Your Questions: How Do I Mix With Tunes Where The Tempo Drifts?

Phil Morse | Read time: < 1 min
elastic beatgridding
Last updated 13 November, 2017


Elastic beatgridding
Beatgrids can help you, as here on the Serato-powered Numark NS6. Unfortunately, that’s not the case with Virtual DJ (or Traktor, come to that…)

Digital DJ Tips reader Richard writes: “I have a live recording where the drum tempo drifts all over the place. I’m trying to mix an acapella into it (which has a consistent tempo) using Virtual DJ, but the tracks drift apart (in both directions) and it’s impossible to keep them in sync. Is there some software which can take my live recording and process it to make the tempo consistent?”

Digital DJ Tips says:

Yes, there is. The most “famous” way to do this is in Ableton Live. You “warp” the track; that means dropping beat markers all the way through it that show where the real beats drop, and then Ableton can make the track tempo uniform by applying complex beat correction algorithms. DJs often do this at the start and end of, say, old disco tunes, which makes it easier for them to mix with them, while still retaining the “groove” that having what is usually a live drummer (hence the irregularities in tempo) lends to the track. In your case, if you want to mix an acapella over it, you’d have to do it all of the way through.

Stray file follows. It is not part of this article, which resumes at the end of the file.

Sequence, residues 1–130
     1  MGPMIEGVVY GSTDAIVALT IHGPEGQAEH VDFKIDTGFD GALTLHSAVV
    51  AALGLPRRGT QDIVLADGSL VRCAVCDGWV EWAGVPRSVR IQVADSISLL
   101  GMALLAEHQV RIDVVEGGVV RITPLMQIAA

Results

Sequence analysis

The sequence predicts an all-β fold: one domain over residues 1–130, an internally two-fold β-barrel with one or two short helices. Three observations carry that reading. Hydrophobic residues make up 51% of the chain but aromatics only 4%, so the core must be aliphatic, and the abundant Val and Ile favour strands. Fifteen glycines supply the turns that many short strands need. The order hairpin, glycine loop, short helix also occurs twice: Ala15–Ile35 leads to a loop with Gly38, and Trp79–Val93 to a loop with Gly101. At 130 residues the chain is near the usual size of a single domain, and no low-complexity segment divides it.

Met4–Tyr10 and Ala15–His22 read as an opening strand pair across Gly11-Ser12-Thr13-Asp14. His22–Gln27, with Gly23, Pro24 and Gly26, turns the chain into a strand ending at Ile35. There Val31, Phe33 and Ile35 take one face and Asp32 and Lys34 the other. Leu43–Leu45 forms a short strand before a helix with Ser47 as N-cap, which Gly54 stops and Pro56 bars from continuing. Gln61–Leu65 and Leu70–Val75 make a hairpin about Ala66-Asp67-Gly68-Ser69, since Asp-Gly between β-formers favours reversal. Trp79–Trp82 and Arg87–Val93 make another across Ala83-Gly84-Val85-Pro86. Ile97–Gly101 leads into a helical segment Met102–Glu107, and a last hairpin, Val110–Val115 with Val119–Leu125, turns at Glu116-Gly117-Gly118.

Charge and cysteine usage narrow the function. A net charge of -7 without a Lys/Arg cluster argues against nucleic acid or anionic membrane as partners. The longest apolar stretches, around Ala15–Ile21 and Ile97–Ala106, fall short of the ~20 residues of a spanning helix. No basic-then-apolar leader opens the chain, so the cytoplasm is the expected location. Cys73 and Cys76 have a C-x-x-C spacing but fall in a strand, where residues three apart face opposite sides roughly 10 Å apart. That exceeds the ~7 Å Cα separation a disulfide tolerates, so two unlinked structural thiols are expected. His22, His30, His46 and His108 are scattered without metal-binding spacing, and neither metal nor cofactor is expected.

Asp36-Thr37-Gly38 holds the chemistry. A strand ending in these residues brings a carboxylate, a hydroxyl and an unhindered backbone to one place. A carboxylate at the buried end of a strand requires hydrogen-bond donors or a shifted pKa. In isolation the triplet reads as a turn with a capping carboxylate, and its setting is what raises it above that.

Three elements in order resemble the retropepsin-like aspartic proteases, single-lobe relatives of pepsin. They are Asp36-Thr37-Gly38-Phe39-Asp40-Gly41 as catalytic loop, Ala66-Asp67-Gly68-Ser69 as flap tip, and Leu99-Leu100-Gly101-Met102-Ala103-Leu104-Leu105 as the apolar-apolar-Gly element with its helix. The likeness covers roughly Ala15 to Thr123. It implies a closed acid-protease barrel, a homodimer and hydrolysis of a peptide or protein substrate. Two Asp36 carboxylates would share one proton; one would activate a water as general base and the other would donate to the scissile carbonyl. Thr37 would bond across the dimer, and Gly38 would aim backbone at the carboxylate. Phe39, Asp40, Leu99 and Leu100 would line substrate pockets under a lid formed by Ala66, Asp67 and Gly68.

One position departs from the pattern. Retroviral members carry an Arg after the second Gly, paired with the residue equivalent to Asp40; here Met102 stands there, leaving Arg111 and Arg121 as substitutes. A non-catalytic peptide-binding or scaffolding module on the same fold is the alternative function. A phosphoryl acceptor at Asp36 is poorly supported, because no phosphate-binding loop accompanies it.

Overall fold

Other DJ software can do this, though, too: Serato has “elastic beatgridding” that achieves much the same thing, and MixVibes also has an excellent take on it too. Virtual DJ (in common with Traktor), unfortunately doesn’t.

The other way to do it is simply to “ride” the tempo using your jogwheels. By slowing down or speeding up the acapella in the “quiet” parts (ie the bits “between the vocals”) you can get it there or thereabouts. It’s how DJs always used to do it before digital… Hope that helps.

How do you get around DJing with tracks that have an uneven tempo? Please share your thoughts in the comments.

Click here for your free DJ Gear and software guide